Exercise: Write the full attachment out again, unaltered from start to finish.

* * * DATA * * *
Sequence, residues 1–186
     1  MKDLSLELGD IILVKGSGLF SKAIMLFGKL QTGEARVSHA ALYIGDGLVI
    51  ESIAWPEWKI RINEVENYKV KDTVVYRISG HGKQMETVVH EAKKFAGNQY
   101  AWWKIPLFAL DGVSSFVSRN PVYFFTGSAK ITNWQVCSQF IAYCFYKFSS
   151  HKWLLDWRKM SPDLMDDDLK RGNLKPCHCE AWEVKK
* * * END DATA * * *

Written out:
Sequence, residues 1–186
     1  MKDLSLELGD IILVKGSGLF SKAIMLFGKL QTGEARVSHA ALYIGDGLVI
    51  ESIAWPEWKI RINEVENYKV KDTVVYRISG HGKQMETVVH EAKKFAGNQY
   101  AWWKIPLFAL DGVSSFVSRN PVYFFTGSAK ITNWQVCSQF IAYCFYKFSS
   151  HKWLLDWRKM SPDLMDDDLK RGNLKPCHCE AWEVKK